If you could have any single writer from history write your biography, which one would you choose?

people you should know: jordan perry — director of wellness promotion!

Written by program assistant Xavier A. Torres de Janon 12F

Jordan PerrySomething that I’ve learned during my time at Hampshire is that before any commitment or academic demand, taking care of yourself matters the most. We all need space for self-care; without it, our physical, emotional and/or mental stability can be at stake. Last week, I visited Jordan Perry, our new Director of Wellness Promotion. She can help you in achieving holistic health and wellness in your life, something essential for your success at college.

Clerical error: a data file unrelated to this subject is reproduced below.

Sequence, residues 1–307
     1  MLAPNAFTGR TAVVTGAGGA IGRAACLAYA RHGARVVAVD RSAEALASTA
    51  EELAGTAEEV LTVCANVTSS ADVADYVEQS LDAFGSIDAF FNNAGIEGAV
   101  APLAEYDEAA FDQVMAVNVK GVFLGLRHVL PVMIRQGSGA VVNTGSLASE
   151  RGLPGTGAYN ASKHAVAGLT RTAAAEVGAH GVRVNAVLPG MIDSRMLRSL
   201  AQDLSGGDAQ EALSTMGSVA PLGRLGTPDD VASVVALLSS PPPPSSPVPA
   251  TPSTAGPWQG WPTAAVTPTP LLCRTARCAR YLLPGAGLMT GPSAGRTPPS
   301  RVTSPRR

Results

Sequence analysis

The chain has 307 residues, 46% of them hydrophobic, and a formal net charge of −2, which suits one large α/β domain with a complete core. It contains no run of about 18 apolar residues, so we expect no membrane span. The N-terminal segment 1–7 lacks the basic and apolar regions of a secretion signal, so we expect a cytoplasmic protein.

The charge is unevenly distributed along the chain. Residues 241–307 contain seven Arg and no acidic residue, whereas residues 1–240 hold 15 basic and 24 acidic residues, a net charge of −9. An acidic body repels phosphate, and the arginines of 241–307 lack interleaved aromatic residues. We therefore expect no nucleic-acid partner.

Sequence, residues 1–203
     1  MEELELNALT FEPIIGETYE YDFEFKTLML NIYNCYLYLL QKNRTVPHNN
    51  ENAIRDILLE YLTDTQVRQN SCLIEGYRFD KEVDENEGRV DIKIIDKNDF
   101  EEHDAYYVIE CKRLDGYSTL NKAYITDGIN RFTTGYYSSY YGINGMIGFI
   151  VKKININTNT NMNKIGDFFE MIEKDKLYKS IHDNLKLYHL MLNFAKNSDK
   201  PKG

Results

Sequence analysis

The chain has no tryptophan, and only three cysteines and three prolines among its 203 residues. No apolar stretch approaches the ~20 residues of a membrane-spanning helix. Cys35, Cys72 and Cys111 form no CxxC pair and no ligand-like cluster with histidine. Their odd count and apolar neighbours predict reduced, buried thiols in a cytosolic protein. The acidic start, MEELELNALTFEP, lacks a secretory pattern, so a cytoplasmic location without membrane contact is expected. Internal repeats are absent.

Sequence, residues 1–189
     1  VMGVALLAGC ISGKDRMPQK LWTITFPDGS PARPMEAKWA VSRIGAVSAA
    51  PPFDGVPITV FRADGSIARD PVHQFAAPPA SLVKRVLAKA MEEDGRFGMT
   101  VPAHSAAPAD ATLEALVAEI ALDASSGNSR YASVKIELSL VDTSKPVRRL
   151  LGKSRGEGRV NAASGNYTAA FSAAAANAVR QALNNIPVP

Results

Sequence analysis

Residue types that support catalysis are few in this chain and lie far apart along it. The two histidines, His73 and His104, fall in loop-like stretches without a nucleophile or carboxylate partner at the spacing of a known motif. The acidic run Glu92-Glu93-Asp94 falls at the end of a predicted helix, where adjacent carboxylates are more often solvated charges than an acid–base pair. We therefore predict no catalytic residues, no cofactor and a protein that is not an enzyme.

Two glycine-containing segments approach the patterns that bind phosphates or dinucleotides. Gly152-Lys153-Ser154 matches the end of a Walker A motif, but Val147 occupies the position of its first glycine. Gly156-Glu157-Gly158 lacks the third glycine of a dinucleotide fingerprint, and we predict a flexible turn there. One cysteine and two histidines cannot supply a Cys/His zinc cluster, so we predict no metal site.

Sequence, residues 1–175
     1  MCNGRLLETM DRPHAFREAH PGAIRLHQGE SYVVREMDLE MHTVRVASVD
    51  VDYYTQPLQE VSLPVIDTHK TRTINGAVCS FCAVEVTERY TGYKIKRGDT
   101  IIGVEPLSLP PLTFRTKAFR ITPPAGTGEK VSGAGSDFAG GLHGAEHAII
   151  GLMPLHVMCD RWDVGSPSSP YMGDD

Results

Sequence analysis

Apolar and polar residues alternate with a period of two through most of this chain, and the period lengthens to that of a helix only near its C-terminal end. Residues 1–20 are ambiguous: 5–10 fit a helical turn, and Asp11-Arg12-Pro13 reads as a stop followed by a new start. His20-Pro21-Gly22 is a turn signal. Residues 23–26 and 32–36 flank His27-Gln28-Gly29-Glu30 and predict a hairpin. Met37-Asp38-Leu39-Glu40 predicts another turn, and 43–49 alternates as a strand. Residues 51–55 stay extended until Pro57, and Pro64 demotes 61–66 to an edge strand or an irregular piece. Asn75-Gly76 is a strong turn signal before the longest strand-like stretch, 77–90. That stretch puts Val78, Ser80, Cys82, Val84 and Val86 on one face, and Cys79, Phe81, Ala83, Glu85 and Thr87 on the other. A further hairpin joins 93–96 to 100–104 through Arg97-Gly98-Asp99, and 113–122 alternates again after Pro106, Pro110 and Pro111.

A North Carolinian at heart, Jordan has been working at Hampshire for more than a month now. She is passionate about challenging commonly held misconceptions on what the ‘college experience’ really is. “We get a lot of messages from the media and from each other about what the college experience is ‘supposed to be’, but that isn’t true for everyone, ” argues Jordan. “You might be surprised to hear that most college students drink alcohol moderately or not at all. It’s actually a minority of students who engage in the risky behaviors we see so often in movies like Old School. Shockingly, there aren’t a whole lot of college movies about moderate drinking or safe, consensual sex.” She loves her new job at Hampshire College, as she sees a lot of structural support for her work and an approachable administration and staff. Jordan also appreciates the amount of room for growth and flexibility that is given to her, as well as the emphasis Hampshire College has in cultivating social justice in its students.